Many generations before us lived off the fruits, nuts, berries, and herbs provided in the surrounding landscape. With a little thought and creativity, the edible landscape of the past can be re-created in your yard, no matter what size, leaving an edible harvest of color, fragrance, interest, and delight throughout the years.

The edible landscape is an opportunity to bring native and fruiting plants into your yard with lots of rewards. To start with, like any good landscape, it is always best to create a plan. For those with established landscapes, this may mean identifying existing plants in the yard that will be replaced with edible varieties over the years.

A good place to begin the planning process is choosing your fruit-bearing trees. Northern Nevada’s climate can support many fruiting tree species. There are more than a dozen varieties of apple trees that will thrive in our environment. Our area can also support cherries, plums, peaches, apricot, pear and other fruiting trees. Depending on the size and style of your yard, you may want to investigate dwarf varieties and espalier trees to fit the dimensions of your landscape. When choosing trees pick hardy varieties that bloom later in the season to give tree blossoms a chance to survive our occasional late season frost. Also, be sure to check if trees are “self-pollinating” or “need a pollinator” to ensure you take care of their pollination needs and have an abundant harvest of fruit on your trees.

One of northern Nevada’s native trees, the Pinyon Pine, brings us delicious and hearty pine nuts in the fall season. These slow growing pine trees can be found dispersed over the rocky rugged foot hill terrain around Reno. These pines were historically used by the Native Americans mainly as a food source for the winter season as the nuts were roasted and eaten plain or even mashed into pine nut soup. Now these trees provide our landscape with a glimpse of green in the winter months. They can be difficult to transplant and grow but can still be found in some nurseries in our area and make a nice addition to a northern Nevada edible landscape.

Grapes are becoming more common in our area as many varieties enjoy our cool dry climate. They are beginning to flourish around town and can be seen growing in residential and commercial landscapes in greater Reno-Tahoe. The first step in choosing grapes is deciding between table grape and wine varieties. The two varieties have very different characteristics and if it is your intention to use your grapes for wine, you will want to make sure you chose the right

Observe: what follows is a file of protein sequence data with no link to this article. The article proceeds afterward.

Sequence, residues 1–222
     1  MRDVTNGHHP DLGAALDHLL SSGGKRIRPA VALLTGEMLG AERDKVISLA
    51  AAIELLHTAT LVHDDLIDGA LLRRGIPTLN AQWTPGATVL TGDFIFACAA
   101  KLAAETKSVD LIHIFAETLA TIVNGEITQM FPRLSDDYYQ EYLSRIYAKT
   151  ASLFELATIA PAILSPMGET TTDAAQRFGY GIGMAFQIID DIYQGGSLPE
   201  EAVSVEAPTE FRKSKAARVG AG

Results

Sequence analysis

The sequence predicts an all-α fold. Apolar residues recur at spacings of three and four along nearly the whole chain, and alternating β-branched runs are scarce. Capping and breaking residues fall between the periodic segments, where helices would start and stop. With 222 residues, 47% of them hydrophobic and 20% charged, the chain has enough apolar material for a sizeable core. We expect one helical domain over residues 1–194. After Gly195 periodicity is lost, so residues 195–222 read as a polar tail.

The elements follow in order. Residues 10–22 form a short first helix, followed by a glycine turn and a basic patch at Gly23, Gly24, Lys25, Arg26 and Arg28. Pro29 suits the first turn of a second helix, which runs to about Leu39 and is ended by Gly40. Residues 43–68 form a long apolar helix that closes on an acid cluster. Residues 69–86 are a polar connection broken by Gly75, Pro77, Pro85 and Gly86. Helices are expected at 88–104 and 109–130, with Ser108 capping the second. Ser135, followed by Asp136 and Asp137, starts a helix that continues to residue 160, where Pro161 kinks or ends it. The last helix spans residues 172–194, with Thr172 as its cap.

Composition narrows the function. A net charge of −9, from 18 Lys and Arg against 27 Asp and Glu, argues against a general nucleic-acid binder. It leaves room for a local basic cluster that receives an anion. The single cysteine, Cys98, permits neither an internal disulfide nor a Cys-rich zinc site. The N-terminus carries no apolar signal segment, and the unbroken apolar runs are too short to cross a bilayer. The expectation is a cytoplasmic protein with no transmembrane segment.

variety. The grapevines can be placed around the posts of a trellis or placed orchard style draped over rows of single set posts.

With many edible plant options left, it’s time to consider shrubs that will begin to transform the landscape into mouth-watering sight. Let’s consider the addition of berries. For berries choose from native currants, elderberries, serviceberries, and accent with tasty strawberries and raspberries to mention a few. These delightful plants will provide flavorful fruits that can be eaten plain, made into jellies, jarred, and even used for pies.

There are many flowers in our landscape that are not only beautiful but edible. One of the more commonly seen around northern Nevada yards is the daylily (Hemerocallis spp.). The flowers are edible and can be used to dress up salads or placed on top of other dishes to add vibrant color and interest. The same goes for rose petals and a variety of other flowering annual and perennial plants. It’s best to speak with informed nursery personnel when choosing or deciding which plants may be edible.

There are many varieties of plants and trees that grow here that can provide edible material whether it is fruit, flowers, leaves, or roots. Always check with a knowledgeable professional before assuming something can be consumed. There are many books that can also be found on this topic; check your local nursery’s plant information center or books for sale. Information can also be found online.

It is important to protect the plants in your yard that you plan on eating from chemical sprays, animal wastes, and other contaminants during the growing process. You don’t want to chance eating harmful sprays that may be left on your plants. Be sure to always thoroughly wash items picked from your yard to make sure they are clean before eating.

Creating an edible landscape is a fun and fulfilling task that can turn your backyard into a palette of gourmet tastes and colors. Take the time to discover the many wonderful trees, plants, and flowers that our area supports, and have fun creating your own edible landscape design.

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